I’d be surprised if a remark about Cheryl Kernot would be aimed at needling Democrat supporters – a lot of Democrat supporters from that era are more likely than most to be leading the criticism. (Mind you, its rarely worth paying much attention to anything Censor This writes – he just enjoys stirring for the sake of it, along with excusing censorship and human rights abuses of course.)

    Personlly, I think a lot of the criticism of Cheryl is overblown (such as equating her to Sarah Palin). Cheryl made some mistakes, as most people do, but she cops far more criticism than she deserves in my view. It’s always easy to take cheap shots, especially once the media have done their mauling, bt it does’t hurt to look at people’s achievements, where in her case were many – at least when she was with the Democrats.

  40. Here are two excerpts from the Latham Diaries (surely Labor folk are unbiased) concerning Cheryl Kernot:

    30 January 1998:

    The highlight of the night was an appearance by our star recruit, Cheryl Kernot, who looked very uncomfortable just sitting in the crowd, having to listen to Beazley do the talking. This ain’t the Democrats baby- get in line and do your apprenticeship along with the rest of us poor, suffering fools. I must say, I’m not a convert to the Kernot strategy. Labor culture is so unique and demanding that she is going to have a terrible time adjusting. If anything, we debase our culture by looking for a quick fix from outside the Party. This new Labor face is a soft option, helping the leadership group avoid the need for new Labor policies.

    6 June 2001:

    A conversation with Cheryl Kernot today: she’s as downcast about our situation as I am. She says her proposals to assist social entrepreneurs were ranked last by the PRC (Priorities Review Committee of the Shadow Cabinet). So much for Beazley’s enthusiasm for community-building. Crean said to fund the policy through the REDOs. Cheryl laments the lack of reform energy and drive. Poor woman, she thought she was getting herself into a dynamic social democratic movement. But all she did was join the ALP.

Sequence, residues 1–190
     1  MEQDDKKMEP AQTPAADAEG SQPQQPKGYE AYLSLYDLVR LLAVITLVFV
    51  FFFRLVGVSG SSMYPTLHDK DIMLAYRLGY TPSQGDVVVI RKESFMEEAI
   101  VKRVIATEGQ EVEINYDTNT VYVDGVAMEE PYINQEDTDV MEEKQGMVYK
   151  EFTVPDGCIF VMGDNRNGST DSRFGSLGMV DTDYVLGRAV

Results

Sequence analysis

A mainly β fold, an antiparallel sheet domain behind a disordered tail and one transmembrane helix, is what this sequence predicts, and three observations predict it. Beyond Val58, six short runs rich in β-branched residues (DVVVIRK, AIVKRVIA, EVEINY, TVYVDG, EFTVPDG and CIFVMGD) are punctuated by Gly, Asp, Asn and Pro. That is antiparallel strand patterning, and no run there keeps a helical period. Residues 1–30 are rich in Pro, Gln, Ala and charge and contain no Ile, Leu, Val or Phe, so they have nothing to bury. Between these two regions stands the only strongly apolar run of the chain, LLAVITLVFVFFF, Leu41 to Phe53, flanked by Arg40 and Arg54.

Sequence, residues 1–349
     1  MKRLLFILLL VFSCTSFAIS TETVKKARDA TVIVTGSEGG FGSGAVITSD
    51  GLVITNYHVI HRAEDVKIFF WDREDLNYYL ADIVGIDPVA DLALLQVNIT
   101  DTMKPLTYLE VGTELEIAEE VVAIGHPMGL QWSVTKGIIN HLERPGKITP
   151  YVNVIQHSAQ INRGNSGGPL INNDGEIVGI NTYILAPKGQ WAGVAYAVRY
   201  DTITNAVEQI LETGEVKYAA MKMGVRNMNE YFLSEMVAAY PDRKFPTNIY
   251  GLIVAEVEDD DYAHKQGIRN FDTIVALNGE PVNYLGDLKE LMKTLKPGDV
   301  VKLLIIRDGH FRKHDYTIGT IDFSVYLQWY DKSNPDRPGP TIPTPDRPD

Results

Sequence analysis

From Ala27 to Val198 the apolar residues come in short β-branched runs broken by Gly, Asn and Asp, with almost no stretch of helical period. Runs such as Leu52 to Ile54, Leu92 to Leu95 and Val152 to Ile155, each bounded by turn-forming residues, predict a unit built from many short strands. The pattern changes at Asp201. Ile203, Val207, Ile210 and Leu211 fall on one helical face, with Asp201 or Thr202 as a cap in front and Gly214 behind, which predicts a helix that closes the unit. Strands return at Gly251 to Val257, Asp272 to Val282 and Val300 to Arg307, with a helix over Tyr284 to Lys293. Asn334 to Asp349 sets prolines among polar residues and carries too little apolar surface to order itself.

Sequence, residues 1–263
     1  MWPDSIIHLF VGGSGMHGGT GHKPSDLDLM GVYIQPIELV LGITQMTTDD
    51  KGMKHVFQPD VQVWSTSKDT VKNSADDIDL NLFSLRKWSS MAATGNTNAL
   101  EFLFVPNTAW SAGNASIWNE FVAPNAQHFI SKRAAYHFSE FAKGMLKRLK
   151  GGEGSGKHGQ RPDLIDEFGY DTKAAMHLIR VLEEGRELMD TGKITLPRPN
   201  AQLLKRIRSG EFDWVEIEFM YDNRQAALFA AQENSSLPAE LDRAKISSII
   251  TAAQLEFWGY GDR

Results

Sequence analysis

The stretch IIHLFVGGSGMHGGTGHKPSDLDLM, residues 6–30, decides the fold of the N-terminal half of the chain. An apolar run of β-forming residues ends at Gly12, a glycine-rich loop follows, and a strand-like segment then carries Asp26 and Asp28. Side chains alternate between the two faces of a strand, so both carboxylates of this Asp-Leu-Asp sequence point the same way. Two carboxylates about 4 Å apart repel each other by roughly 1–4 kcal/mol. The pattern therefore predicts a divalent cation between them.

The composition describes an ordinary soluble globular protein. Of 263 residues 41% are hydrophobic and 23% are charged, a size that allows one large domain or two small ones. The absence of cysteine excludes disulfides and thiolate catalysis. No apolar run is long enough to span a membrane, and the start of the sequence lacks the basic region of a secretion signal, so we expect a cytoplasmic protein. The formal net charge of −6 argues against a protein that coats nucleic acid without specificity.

41. Re the Palin/Kernot analogy – I was too terse – what I meant was that Kernot probably did some good things but disappointed people as well … it’s hard being a trail blazer, but she is only one person, not a representative of all women in every way. Not sure what good things Palin may have done, but the spotlight is really on women once they get up to a certain level and since they are only human, too, they are bound to turn out not to be plaster saints. Now there are Macklin and Gillard and a throng of others on the Labor side, Bishop The Younger and others on the Liberal side, all following on from Stott Despoja and Kernot, Haines and others I can’t think of just now …Enid Lyons and Margaret Guilfoyle even … the focus on female politicians as specimen women may drop back a bit and we may be allowed to see them as people … I think myself that O’Chee, Ridgeway and Neville Bonner, and of course the mob in NT, have done a lot for indigenous politicians in Canberra, showing that unavoidable range of abilities that politicians in any place, of any background, are bound to show. Biographies and autobiographies, whether full of “truth” or waffle, give us an insight into how people see the world, or want us to belive they see the world, which is one way we learn about others. The more we understand how politicians see the world, in my opinion, the better we are able to asess them and their fellows who want our votes, and that goes for the dunderheads and buffoons as well. In that vein, I believe there is a book on the Downer Dynasty being written, but an unexpected author, and, much as I detest the current representative and all he stands for, I’ll be reading that one, for an insight into how that mob have operated through the generations. And no, the author is not Alexander.